As mentioned, the menu is a circular menu and therefore not very intuitive. Townsmen VR solved this problem much better. There are real 3D models that I can easily grab or select with a pointer. Little Cities (Preview) is also based on an adapted 3D menu that supports motion control by selecting and deselecting via the hand / controller.
With the laser pointer on the right touch controller, I can build in Cities: VR: roads, buildings, urban areas, water pipes and power poles can be positioned easily and precisely. As my city grows, I unlock more and more buildings, such as police, fire department, parks, and more. I find overviews of individual areas such as electricity and water, public transport or finance in another menu.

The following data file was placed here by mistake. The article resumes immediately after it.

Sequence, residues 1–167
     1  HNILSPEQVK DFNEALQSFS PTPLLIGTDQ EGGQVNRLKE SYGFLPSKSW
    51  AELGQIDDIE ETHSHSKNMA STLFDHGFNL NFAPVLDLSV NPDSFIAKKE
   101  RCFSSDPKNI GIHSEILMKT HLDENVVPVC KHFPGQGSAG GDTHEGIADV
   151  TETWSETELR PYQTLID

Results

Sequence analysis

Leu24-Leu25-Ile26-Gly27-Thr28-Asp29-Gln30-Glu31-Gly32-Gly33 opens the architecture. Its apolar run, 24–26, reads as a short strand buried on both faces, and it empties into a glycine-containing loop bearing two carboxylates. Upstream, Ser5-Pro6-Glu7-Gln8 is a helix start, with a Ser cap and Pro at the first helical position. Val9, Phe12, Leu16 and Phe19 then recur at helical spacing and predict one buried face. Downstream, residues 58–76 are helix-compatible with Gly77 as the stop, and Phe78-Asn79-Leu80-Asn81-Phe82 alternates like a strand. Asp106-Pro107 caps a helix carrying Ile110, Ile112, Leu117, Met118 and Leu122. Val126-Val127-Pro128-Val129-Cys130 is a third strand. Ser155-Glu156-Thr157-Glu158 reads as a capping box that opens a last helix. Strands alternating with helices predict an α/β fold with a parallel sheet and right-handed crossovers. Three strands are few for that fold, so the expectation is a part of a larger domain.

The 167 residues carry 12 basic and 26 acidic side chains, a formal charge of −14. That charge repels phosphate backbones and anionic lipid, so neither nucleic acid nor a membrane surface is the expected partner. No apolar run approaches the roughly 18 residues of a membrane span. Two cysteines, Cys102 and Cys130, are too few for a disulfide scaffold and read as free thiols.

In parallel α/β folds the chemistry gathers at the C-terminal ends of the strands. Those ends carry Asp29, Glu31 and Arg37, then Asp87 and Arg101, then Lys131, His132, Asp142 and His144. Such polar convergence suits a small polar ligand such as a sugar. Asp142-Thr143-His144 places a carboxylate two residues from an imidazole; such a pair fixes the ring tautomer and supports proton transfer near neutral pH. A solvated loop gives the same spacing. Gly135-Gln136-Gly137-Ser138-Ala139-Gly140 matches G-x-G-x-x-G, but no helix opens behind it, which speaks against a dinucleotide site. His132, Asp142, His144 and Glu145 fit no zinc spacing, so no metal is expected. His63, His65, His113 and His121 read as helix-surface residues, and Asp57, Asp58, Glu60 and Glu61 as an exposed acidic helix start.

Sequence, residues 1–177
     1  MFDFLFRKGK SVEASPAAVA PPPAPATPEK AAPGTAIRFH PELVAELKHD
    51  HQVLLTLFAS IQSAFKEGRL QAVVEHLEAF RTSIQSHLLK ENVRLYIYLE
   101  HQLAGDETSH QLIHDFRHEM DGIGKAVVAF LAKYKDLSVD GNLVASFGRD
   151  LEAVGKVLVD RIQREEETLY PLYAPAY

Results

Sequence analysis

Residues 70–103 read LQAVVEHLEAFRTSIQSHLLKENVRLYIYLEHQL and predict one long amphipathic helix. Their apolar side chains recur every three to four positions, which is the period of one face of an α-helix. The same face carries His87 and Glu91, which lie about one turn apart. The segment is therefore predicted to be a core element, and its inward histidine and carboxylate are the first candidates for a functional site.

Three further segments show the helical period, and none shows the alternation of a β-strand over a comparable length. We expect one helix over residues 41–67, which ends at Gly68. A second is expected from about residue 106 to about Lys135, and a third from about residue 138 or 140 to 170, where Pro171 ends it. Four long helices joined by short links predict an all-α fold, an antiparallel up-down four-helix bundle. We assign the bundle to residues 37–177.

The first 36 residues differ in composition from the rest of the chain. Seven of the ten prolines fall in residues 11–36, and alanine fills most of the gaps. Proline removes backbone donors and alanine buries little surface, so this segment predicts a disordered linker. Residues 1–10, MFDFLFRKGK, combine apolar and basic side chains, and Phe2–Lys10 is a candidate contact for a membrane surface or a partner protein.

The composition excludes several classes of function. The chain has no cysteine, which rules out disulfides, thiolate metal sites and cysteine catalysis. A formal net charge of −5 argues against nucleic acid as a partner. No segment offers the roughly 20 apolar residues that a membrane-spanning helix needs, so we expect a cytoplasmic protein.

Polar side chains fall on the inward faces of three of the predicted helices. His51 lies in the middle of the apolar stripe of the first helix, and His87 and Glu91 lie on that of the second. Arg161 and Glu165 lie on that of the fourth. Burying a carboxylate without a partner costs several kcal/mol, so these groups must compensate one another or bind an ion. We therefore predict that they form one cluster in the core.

By the way, switching from construction menus to overview menus is the only process that is rudimentary adapted to modern VR menus: three flat menu symbols (!) (See screenshot) are positioned in front of me and I choose by moving the VR controller on the out menu icon.
Guaranteed eye pain
While the game works well on the inside, the graphics are atrocious. I can barely remember the last time I saw such muddy textures. Trees are hardly recognizable as such. If I turn my head slightly at some distance, they turn into completely unsightly texture blocks. The cars have an incredibly low-resolution base model, like little faded cardboard boxes – a slightly more detailed and textured model only suddenly pops up nearby. At a certain distance, this goes so far that a tractor model becomes an indefinable pile of pixels.